The therapeutic potential of cannabis
Research of the cannabinoid system has many similarities with that of the opioid system. In both instances, studies into drug-producing plants led to the discovery of an endogenous control system with a central role in neurobiology. Few compounds have had as much positive press from patients as those of the cannabinoid system. While these claims are investigated in disorders such as multiple sclerosis spasticity and pain, basic research is discovering interesting members of this family of compounds that have previously unknown qualities, the most notable of which is the capacity for neuroprotection. Large randomised clinical trials of the better known compounds are in progress. Even if the results of these studies are not as positive as many expect them to be, that we are only just beginning to appreciate the huge therapeutic potential of this family of compounds is clear.
This review of marijuana’s potential for such neurological conditions as pain and spasticity notes: “Cannabinoids inhibit pain in virtually every experimental pain paradigm.” It also explains how cannabinoids protect nerve cells from damage and describes the drawbacks of administering cannabinoid medicines orally (e.g. Marinol).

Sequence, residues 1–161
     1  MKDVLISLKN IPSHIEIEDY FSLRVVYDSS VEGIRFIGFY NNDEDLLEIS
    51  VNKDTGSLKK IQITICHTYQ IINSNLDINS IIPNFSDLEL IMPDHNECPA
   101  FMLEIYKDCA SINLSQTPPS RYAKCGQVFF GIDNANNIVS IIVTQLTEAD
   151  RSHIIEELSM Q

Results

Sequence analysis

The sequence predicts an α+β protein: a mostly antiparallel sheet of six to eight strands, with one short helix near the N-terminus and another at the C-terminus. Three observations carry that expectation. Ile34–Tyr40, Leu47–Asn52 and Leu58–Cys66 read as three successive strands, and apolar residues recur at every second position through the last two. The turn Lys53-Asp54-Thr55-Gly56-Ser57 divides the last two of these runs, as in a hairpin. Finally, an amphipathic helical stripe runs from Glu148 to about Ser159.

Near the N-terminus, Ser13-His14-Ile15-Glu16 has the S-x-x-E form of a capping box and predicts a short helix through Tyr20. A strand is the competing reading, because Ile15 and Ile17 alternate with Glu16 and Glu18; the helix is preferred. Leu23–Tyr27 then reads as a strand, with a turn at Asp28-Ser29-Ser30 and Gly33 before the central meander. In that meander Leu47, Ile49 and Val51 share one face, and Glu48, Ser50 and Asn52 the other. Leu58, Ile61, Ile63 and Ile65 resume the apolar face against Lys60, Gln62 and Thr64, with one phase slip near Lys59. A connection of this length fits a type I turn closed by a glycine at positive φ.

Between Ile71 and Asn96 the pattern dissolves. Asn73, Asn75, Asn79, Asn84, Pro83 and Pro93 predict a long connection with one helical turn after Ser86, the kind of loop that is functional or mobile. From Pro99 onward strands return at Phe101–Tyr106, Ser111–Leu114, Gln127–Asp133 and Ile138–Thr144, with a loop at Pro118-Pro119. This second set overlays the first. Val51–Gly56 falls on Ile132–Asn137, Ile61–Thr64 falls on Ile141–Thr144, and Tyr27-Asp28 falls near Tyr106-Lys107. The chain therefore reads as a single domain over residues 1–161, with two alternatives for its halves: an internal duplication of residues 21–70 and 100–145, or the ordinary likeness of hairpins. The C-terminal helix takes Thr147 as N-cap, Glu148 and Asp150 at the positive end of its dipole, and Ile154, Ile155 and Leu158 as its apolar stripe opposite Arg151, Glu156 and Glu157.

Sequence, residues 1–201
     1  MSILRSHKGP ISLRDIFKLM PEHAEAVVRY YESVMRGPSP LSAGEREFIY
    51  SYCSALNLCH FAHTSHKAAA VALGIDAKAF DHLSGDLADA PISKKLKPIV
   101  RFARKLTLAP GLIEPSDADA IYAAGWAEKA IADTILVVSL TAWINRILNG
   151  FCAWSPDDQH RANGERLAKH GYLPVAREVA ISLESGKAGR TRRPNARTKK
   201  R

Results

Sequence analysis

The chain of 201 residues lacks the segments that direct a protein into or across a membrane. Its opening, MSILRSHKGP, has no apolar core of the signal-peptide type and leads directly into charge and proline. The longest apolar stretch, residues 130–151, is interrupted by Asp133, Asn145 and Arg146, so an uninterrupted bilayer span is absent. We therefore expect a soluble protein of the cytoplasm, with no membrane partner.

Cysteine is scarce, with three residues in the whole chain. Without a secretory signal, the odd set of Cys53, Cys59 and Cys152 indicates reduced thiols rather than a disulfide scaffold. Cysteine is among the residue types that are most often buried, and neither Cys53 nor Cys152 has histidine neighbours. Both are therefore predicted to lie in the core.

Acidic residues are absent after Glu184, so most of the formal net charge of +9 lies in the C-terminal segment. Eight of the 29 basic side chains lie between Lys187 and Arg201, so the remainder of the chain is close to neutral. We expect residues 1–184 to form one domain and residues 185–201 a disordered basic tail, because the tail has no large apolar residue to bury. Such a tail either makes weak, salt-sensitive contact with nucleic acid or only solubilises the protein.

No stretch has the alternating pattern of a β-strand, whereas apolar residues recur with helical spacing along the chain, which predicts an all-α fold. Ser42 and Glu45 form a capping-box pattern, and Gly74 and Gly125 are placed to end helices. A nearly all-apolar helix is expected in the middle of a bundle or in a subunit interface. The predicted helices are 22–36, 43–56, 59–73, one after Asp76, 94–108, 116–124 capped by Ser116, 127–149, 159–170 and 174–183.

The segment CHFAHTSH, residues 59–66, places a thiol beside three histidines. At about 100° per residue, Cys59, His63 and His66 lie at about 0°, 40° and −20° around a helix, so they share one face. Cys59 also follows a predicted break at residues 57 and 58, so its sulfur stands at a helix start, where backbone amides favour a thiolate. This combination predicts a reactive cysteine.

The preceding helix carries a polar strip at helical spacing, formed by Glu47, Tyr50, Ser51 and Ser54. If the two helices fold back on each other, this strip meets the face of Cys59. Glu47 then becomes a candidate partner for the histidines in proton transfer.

a DB, GP, GG, and AJT are at the Institute of Neurology, University College London, Queen Square, London WC1N 3BG
Correspondence: Prof Alan J Thompson, Institute of Neurology, Queen Square, London WC1N 3BG, UK. Tel +44 (0) 207 837 3611 ext 4152; fax +44 (0) 207 813 6505
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